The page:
Rents rising across cities in Florida

Throughout the past year, rent increases have been occurring not just in the city of Jacksonville, but across the entire state. Of the largest 10 cities that we have data for in Florida, 9 of them have seen prices rise. The state as a whole logged rent growth of 3.5% over the past year. Here's a look at how rents compare across some of the largest cities in the state.

  • Looking throughout the state, Pembroke Pines is the most expensive of all Florida's major cities, with a median two-bedroom rent of $2,390; of the 10 largest cities in the state that we have data for, Miami, where a two-bedroom goes for $1,350, is the only major city to see rents fall year-over-year (-0.3%).
  • Orlando, Port St. Lucie, and Tampa have all experienced year-over-year growth above the state average (6.6%, 6.4%, and 5.4%, respectively).

Jacksonville rents more affordable than many similar cities nationwide

As rents have increased significantly in Jacksonville, other large cities nationwide have seen rents grow more modestly, or in some cases, even decline. Jacksonville is still more affordable than most comparable cities across the country.

  • Jacksonville's median two-bedroom rent of $1,050 is below the national average of $1,160. Nationwide, rents have grown by 2.8% over the past year compared to the 4.4% rise in Jacksonville.
  • While Jacksonville's rents rose significantly over the past year, some cities nationwide saw decreases, including DC (-0.8%) and New York (-0.1%).
  • Renters will find more reasonable prices in Jacksonville than most similar cities. For example, San Francisco has a median 2BR rent of $3,080, which is nearly three times the price in Jacksonville.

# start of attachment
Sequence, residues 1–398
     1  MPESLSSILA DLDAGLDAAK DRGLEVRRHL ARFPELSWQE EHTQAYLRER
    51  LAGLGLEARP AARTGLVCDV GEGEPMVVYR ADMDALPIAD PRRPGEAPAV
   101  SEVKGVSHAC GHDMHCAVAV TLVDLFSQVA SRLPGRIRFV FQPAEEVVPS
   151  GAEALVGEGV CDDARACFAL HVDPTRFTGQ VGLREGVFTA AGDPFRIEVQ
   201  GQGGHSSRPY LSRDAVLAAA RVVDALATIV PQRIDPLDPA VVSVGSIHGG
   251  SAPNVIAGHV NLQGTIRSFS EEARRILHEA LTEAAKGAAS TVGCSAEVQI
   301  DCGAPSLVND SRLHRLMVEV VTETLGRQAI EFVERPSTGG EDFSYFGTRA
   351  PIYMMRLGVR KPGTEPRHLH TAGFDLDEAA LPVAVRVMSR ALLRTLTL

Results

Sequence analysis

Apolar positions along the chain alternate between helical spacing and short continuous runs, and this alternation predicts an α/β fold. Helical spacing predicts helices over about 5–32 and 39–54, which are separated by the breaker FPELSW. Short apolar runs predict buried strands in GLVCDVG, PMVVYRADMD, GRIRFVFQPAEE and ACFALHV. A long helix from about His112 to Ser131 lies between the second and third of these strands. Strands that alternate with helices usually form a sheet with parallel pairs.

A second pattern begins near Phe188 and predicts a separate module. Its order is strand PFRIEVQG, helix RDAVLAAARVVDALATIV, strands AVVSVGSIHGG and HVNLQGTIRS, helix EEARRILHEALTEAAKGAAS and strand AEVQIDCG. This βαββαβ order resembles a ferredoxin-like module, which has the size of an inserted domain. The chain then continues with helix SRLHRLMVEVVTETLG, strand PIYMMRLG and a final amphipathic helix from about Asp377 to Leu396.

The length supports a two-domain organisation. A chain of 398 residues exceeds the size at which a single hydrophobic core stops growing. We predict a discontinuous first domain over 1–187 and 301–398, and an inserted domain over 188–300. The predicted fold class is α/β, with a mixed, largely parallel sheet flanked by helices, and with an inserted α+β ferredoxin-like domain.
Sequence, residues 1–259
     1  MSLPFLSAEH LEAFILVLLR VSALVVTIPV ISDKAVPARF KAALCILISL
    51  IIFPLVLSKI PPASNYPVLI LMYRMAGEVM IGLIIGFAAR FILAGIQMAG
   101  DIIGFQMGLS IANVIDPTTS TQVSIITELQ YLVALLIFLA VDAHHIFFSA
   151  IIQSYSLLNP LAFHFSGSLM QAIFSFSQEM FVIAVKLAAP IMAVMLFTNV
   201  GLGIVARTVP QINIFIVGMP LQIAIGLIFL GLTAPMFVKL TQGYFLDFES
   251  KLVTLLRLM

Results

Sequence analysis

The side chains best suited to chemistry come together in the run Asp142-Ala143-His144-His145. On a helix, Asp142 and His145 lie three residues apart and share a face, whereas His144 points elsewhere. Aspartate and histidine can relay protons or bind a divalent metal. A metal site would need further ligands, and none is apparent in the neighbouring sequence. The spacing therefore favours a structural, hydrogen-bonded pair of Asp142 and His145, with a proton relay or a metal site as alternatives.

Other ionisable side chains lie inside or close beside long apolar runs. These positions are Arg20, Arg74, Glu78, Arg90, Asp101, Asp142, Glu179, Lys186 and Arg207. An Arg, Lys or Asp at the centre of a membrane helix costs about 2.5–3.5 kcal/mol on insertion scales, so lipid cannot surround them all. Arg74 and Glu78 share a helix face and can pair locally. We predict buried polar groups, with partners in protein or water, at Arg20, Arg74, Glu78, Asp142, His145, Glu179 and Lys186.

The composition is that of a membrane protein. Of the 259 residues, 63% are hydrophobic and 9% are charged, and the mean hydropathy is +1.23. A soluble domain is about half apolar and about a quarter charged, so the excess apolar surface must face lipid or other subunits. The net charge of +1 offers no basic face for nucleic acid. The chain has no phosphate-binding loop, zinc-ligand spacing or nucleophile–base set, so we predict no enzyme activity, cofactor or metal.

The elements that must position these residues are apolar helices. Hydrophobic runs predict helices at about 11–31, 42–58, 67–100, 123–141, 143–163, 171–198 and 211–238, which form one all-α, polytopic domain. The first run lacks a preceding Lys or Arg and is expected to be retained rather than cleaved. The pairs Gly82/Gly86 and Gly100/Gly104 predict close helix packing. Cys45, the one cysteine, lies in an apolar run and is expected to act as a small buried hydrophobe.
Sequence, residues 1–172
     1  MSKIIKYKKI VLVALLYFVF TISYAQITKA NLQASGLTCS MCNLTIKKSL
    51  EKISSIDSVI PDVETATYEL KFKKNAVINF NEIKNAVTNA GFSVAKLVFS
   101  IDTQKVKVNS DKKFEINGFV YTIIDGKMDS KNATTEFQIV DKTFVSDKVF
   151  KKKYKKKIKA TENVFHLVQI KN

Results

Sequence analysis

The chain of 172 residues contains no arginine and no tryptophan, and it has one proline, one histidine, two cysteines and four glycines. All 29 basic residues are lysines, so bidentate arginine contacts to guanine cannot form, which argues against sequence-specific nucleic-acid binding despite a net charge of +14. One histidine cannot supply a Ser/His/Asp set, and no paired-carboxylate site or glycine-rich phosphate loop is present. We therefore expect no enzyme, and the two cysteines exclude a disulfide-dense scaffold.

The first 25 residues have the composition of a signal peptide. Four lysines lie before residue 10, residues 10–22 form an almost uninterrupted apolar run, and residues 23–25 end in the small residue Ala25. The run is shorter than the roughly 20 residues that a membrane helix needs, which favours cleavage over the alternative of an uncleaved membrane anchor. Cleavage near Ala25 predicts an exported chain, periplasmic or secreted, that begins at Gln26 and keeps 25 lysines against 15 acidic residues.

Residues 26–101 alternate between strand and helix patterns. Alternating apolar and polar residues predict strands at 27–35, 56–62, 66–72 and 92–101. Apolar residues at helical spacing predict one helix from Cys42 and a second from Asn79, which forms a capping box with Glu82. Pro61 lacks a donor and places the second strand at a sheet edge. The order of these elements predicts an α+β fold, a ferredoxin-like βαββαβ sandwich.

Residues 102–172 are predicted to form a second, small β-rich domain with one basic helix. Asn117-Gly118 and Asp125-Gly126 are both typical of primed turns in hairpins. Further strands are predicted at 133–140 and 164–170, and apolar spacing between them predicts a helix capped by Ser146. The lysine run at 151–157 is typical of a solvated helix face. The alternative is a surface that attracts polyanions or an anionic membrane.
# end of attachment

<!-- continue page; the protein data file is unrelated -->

For more information check out our national report. You can also access our full data for cities and counties across the U.S. at this link.

Methodology - Recent Updates:

Data from private listing sites, including our own, tends to skew toward luxury apartments, which introduces sample bias when estimates are calculated directly from these listings. To address these limitations, we’ve recently made major updates to our methodology, which we believe have greatly improved the accuracy and reliability of our estimates.

Read more about our new methodology below, or see a more detailed post here.

Methodology:

Apartment List is committed to making our rent estimates the best and most accurate available. To do this, we start with reliable median rent statistics from the Census Bureau, then extrapolate them forward to the current month using a growth rate calculated from our listing data. In doing so, we use a same-unit analysis similar to Case-Shiller’s approach, comparing only units that are available across both time periods to provide an accurate picture of rent growth in cities across the country.

Our approach corrects for the sample bias inherent in other private sources, producing results that are much closer to statistics published by the Census Bureau and HUD. Our methodology also allows us to construct a picture of rent growth over an extended period of time, with estimates that are updated each month.

Read more about our methodology here.